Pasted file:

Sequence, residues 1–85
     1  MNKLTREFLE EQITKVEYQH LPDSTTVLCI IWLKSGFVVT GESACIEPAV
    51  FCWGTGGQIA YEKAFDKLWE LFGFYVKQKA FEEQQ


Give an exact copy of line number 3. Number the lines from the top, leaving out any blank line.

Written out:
    51  FCWGTGGQIA YEKAFDKLWE LFGFYVKQKA FEEQQ